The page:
Job Layoff and 5 What To Do Next Tips

Well I have been out of commission for a little while and haven’t posted much lately.  My summer hiatus is over now and back to connecting with you all once again.  Today’s topic is centered around what are the first things you should do after you are laid off from your job.  I am not going to suggest you not panic or going to tell you “maybe it is for the better” or some catch phrase like that.  Instead I am going to share with you the realities of what to do first and why.

Here are five things you should focus your efforts on:

1. Start learning how to conduct an online job search.  I don’t advocate this approach as your only approach to finding a new job BUT it should be the place you start to explore the “low hanging fruit” opportunities.  This is where many (not all) employers go to start their own search for new employees.  This is also where many recruiters go to start looking for potential candidates in tough markets.

Learning how to conduct an online job search is a bit different and for another post.  But start adding this activity to your daily to-do list when the hint of job layoffs are in the air.

2. Get your resume up-to-date.  Don’t wait too long on this one.  Find someone who can help you craft a new resume.  Always keep in mind a new resume needs to have flexibility built into it so you can tailor it to meet the needs of online job postings you find or connections you make in the near future.  Tweaking resume content for EVERY job opportunity is very important…so start thinking that way about your resume.

3. Commit to an amount of time each day you will be job searching.  I personally don’t think you should search eight or 10 hours a day.  That is an easy way to get burned out.  Searching for three to five hours, five to six days a week is plenty.  You will be searching when you meet people in other activities so don’t worry, you will get a lot of time in.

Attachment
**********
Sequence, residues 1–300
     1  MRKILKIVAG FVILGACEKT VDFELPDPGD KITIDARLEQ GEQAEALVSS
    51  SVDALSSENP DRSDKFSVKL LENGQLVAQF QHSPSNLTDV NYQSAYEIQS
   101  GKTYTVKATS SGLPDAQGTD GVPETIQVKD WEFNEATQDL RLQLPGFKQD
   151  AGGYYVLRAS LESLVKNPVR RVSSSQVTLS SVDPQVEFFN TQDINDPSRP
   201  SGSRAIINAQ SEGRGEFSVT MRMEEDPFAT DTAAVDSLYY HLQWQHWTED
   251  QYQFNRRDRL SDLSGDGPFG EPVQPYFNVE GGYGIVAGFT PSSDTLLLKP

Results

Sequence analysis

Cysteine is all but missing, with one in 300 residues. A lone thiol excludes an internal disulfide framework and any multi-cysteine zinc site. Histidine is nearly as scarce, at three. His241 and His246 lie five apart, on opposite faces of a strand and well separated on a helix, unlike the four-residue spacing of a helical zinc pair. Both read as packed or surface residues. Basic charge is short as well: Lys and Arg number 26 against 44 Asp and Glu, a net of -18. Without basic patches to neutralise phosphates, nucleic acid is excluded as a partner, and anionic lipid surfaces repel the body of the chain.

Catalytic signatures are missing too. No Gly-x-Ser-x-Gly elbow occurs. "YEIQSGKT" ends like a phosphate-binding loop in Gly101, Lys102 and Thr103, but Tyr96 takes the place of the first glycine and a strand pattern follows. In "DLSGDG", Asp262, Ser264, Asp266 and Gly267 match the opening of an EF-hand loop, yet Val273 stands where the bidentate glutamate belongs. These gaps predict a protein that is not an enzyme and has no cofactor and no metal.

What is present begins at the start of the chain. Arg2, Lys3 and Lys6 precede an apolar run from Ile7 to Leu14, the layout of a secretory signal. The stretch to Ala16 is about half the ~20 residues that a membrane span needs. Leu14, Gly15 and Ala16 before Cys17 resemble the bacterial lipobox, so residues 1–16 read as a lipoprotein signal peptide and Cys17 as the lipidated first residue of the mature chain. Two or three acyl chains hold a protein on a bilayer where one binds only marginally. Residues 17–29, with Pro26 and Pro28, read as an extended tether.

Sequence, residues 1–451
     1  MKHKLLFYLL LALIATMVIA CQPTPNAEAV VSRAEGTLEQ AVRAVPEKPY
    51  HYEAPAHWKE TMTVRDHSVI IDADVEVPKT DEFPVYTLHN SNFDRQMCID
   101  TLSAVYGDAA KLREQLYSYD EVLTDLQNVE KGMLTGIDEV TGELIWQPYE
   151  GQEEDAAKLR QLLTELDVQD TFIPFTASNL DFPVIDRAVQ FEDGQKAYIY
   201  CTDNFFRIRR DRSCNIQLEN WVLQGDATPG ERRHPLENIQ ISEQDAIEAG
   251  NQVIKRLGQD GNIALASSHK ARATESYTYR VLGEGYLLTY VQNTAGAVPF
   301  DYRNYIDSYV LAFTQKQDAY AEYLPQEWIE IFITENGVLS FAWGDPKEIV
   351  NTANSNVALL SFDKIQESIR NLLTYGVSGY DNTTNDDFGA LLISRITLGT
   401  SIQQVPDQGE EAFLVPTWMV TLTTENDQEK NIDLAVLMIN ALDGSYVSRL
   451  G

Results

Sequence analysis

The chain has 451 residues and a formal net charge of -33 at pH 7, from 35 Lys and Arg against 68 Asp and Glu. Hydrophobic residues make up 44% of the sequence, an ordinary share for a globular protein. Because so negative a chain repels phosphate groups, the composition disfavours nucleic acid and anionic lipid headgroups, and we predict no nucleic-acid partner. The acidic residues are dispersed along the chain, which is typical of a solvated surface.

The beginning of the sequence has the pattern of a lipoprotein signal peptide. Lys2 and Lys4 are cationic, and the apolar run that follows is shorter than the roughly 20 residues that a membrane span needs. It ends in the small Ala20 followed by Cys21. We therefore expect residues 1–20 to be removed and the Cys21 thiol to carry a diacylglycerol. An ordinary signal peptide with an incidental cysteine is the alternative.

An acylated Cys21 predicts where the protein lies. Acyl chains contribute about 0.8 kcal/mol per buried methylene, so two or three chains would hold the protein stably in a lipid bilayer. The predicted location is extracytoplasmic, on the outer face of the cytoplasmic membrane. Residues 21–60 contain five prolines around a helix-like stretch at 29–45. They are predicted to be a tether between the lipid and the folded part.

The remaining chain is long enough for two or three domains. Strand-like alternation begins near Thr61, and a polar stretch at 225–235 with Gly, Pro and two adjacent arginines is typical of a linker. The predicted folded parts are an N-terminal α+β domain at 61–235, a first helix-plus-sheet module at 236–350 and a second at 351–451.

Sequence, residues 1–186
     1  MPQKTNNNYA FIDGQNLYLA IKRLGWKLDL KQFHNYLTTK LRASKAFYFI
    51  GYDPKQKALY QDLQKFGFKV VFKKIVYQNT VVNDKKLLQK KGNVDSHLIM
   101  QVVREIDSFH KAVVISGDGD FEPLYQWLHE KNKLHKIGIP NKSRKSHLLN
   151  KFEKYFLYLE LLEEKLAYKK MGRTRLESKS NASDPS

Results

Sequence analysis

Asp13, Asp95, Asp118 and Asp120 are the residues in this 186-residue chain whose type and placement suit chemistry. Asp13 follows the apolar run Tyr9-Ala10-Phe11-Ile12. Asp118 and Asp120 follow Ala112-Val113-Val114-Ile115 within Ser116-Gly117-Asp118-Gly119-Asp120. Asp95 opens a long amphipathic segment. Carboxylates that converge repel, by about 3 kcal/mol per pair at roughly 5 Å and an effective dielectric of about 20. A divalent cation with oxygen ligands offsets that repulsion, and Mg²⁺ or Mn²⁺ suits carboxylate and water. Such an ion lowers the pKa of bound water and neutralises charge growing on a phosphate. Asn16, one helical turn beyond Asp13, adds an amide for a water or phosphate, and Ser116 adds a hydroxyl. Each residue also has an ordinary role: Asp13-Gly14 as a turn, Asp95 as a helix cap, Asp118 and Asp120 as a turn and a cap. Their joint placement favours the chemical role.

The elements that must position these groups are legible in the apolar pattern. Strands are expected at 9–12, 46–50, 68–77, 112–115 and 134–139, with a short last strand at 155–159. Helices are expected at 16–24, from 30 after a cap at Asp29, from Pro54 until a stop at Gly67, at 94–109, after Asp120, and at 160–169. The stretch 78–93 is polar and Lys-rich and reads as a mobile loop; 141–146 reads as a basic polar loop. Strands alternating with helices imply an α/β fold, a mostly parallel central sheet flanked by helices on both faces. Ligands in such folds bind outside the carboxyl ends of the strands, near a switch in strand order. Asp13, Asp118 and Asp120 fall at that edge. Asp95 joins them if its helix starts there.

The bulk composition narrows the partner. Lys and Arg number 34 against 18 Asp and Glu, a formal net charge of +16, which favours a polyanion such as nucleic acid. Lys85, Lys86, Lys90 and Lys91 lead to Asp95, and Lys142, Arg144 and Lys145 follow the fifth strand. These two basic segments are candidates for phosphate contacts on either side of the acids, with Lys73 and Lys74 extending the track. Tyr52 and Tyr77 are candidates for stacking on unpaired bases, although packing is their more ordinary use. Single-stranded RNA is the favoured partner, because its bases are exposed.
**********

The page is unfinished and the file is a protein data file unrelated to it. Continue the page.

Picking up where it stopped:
4. Find a new hobby or activity.  After a job layoff it is important to make sure you are accomplishing things along the way.  Volunteering once or twice a week in virtually any capacity will help you stay “connected” to the world in general.  Don’t worry if it doesn’t help you find a job.  Instead think of it as your investment time into other people.  You will benefit from it every time you do it.

5. Start thinking about your financial future.  This is a great time for you and your spouse (if you have one) to start prioritizing your bills and how you are going to try to pay them all.  You might come to realize you need to find a part time job to bring in some income while you are searching.  That is also why I don’t think job searching should be done all day, every day.  You can find time to make some additional money along the way.  Your finances will help dictate how much and for how long.  Having those talks along the way will help keep the “monkey on your back” in check.

There are a lot of thing to consider when your job is eliminated by a layoff.  These top five will help you focus some of your efforts in the right direction.  A new job can be found with consistency…do a little each day and it will pay off for you eventually.  These things to keep in mine will help you stay in the job search game for the long haul if it goes that way.  There is a pretty good chance it will turn into a marathon job search.  You can do it.  You just need to be consistent.

Let’s Get Started!



5 Job Searching Tips

The following 5 job searching tips are not your traditional tips.  They are intended to shake your core a little and get you moving.  If offensive, I apologize ahead of time.  But (there is always a but isn’t there?) remember sometimes the toughest thing to hear is what makes you change and succeed.

Job Searching Tip #1:  You are LAZY…stop being lazy.  Most job seekers I meet are really not that hungry for a new job.  They are searching online four, five and even six hours a day.  They say things like: “I sent out 500 resumes and haven’t heard a thing….no responses.  There are no jobs out there.  The economy sucks and …”  When you hear yourself say this or others, get mad and call yourself or them L-A-Z-Y because you are.  You are lazy because you spend so much time doing things that don’t get results and then you blame “outside forces” beyond your control so you don’t have to look at why you are not succeeding.  Get off your butt and get out there.  Your new job is searching for another one and you can’t do that by being lazy and making excuses.